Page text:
Black Sea to Baltic: how far is it from being realised?
Two months after the initial proposal for an intermodal corridor extending from the Black Sea to the Baltic, the situation looks more concrete than a vague suggestion. The possibilities concerning the corridor’s establishment are favourable since it will provide a reliable alternative to existing solutions. It seems that the Port of Gdansk and Poland are ready to move forward. However, missing rail links through Ukraine and Turkey’s role in the following years are crucial for the project’s completion.
These insights were shared during a webinar organised by the Port of Gdansk last week. The webinar dealt with the future intermodal route and hosted attendees from the rail and maritime sector. Additionally, other ports among the participants, apart from Gdansk, discussed the benefits of the potential connection.
Did you miss it? Parts of the webinar are shown today at RailFreight Live. This broadcast starts at 1pm CEST and can be seen here.
The discussion around a ‘Black Sea to Baltic’ corridor between Poland and Ukraine began last December. Following a letter of intent between the two countries, the Port of Gdansk and the Ukrainian Sea Ports Authority agreed to compose a joint working group that would make the first identifying steps for the enterprise. In what state are the procedures currently?
Gdansk ready to take off
According to Slawomir Michalewsi, VP of Finance at Port of Gdansk, the Polish port finds itself on a continuous growth track during the last years. It is between the four largest Baltic ports and the second in terms of handled containers. Last year it handled 48 million tonnes of cargo, while it raised the bar to 60 million tonnes for the following years.
Moreover, Michalewski acknowledged the fact that traffic between Poland and Ukraine has grown significantly between 2018-2020. That is why Gdansk has intensified investments in upgrading its railway system, by constructing eighty kilometres of new tracks and upgrading three cargo stations. The same applies to the whole Polish railway system and the border crossings Medyka and Dorohusk, which are ready to handle the increased capacities and traffic. In general, as Michalewski concluded, “access to the port is already ready, we just expect our Ukrainian counterparts to take action”.
Turkey and a missing link
As mentioned previously, the purpose of the ‘Black Sea to Baltic’ intermodal corridor aims to facilitate the transportation of goods from the broader area of the Black Sea, to Poland, the Baltic ports and Scandinavia. Transport between these destinations occurs either via long sea routes crossing the Mediterranean and reaching the northern territories of Europe or via the Adriatic corridor, with sea vessels reaching Italy and then transhipping cargo to road or rail haulage.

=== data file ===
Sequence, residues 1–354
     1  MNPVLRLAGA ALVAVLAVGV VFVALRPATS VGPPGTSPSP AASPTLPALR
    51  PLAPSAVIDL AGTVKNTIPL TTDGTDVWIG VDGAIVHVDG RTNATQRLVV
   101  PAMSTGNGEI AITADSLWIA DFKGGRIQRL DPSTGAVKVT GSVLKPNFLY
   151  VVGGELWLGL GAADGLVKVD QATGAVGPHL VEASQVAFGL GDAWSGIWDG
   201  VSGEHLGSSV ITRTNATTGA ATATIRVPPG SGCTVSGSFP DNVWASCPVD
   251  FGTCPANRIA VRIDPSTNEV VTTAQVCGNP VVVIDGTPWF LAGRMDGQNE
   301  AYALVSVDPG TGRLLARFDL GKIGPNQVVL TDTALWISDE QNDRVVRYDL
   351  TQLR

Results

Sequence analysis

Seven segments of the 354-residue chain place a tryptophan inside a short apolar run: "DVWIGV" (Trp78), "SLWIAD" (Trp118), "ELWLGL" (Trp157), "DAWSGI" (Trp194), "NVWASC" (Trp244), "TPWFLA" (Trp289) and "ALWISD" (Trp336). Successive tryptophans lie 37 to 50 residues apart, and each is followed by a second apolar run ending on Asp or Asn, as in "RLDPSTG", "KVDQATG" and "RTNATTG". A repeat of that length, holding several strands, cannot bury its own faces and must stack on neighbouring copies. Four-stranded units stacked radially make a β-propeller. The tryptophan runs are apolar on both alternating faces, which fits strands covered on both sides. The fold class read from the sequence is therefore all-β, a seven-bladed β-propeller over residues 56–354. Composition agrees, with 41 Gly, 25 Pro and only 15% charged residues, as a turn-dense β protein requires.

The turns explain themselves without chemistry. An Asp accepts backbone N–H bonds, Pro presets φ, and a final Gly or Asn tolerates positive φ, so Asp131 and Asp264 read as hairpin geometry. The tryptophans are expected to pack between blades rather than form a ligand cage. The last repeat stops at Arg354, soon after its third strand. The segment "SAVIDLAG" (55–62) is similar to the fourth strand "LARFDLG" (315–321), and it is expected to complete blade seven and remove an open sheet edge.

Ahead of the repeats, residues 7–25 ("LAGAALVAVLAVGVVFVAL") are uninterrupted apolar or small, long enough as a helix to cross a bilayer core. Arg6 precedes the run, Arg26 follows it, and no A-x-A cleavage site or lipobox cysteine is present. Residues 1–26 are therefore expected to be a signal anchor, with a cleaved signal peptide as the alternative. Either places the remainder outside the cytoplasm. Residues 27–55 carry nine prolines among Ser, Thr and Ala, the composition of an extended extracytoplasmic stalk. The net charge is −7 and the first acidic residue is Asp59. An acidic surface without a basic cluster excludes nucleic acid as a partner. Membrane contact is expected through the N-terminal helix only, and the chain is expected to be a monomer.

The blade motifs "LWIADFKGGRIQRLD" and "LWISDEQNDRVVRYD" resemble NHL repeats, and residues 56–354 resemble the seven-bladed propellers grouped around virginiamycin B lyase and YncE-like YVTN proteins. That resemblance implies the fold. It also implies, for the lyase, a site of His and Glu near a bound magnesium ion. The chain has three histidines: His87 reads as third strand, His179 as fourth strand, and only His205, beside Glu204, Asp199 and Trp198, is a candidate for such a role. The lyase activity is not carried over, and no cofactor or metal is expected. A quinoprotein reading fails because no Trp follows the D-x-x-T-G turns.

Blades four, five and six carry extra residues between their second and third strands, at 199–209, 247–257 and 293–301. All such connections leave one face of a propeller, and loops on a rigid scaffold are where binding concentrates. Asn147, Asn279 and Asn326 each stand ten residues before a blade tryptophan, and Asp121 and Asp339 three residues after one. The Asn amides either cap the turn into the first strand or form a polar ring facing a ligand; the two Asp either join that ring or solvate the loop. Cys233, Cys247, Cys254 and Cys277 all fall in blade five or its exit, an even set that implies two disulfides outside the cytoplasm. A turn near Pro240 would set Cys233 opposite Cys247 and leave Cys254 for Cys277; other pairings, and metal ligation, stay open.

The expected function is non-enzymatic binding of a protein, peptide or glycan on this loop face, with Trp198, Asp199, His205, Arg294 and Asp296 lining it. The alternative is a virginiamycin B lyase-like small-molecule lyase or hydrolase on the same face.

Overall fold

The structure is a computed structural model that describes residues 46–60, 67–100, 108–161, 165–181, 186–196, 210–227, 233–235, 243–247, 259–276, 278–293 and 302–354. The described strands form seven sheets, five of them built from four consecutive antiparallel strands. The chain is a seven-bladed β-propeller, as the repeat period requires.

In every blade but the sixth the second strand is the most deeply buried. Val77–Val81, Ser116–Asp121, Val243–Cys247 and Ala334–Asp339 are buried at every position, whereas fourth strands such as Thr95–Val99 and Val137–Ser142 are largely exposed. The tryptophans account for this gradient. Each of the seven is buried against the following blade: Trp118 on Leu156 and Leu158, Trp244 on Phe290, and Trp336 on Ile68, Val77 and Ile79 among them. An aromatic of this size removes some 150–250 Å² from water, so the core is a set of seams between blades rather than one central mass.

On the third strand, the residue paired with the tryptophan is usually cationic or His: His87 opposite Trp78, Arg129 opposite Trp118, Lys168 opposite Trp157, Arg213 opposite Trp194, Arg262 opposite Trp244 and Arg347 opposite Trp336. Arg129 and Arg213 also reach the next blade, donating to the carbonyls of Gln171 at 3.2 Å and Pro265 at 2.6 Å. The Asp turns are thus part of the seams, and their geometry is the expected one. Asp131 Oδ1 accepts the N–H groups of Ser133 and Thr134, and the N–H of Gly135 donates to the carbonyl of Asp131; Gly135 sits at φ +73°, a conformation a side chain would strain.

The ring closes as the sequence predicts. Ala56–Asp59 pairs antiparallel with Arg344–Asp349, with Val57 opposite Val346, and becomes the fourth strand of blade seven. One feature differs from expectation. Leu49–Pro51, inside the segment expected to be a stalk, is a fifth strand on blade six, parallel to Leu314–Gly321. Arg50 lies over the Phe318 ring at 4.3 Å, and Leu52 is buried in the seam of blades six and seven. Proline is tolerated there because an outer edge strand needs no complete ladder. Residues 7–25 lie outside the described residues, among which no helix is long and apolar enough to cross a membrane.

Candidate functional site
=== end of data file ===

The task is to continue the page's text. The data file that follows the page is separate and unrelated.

Consequently, links between the two areas of interest already exist. On the other hand, short-sea connections between say, Turkey and Ukrainian ports, also operate regularly. As Aleksey Panasiuk from the Ukrainian Sea Ports Authority (USPA) underlined, it is a concrete strategy of USPA to attract cargo flows to Ukrainian ports, and Turkey seems to have a central role in this sense. The Eastern Mediterranean country is growing rapidly and aims to become a central hub for Eurasian transport. Its role will be crucial for establishing the intermodal connection between the Black Sea and Baltic. Depending on its production rates and expansion views, it could become a prominent player in the project.
What is missing then for the whole plan to take flesh and bones? Dominic Landa, Commercial director of DCT Gdansk, defined the missing link as Ukraine’s railway system. In particular, infrastructure in Poland is ready, sea connections in the Black Sea exist, and the same goes for interconnectivity between Baltic ports. The project only needs the essential rail links between Ukrainian ports and Poland to be fully functional. Maybe this could be a potential barrier in the realisation of the plans. However, a smaller scale example proves that the project could indeed be successful.
Port of Chornomorsk
On 24 December, the Ukrainian Railway Transport Service Center “Liski” signed a memorandum of cooperation with Ukrferry and FerriPlus to establish a multimodal Turkey-Ukraine-Poland route. The route will connect Turkey with the Ukrainian port of Chornomorsk and the rail terminal of Slawkow in Poland. From there, cargo can get distributed to other European destinations.
The fact that the specific connection will begin its operations in the following weeks, during Quarter 1 of 2021, is a positive indication that plans for a larger-scale project can indeed be successful. On top of that, it proves that apart from the port of Odesa, that was supposedly the central Ukrainian hub of the intermodal corridor, there are other alternatives too. After all, as Umur Ugurlu, Senior VP/ Regional Manager at LAM Shipping Agencies, mentioned, “Chornomorsk is one of the best connections to Eastern Europe for Turkey”.
Further to Scandinavia
Interestingly enough, among the webinar’s highlights was the presence of two Swedish ports: these of Gävle and Norrköping. The two Swedish ports followed a common line in presenting the benefits of the potential ‘Black Sea to Baltic’ connection, and how it could and should extend to Scandinavia. Not only are Scandinavian ports willing to connect with the corridor, but they also claimed that they could become the end destination since they can offer much both in terms of exports and imports.
The situation so far, and according to the online gathering, seems promising enough, with all parties concerned ready to take the next step in implementing the initial plans. The intermodal transport sector will probably learn about the project’s future soon enough, after resolving hurdles concerning the Ukrainian rail leg of the corridor to be.
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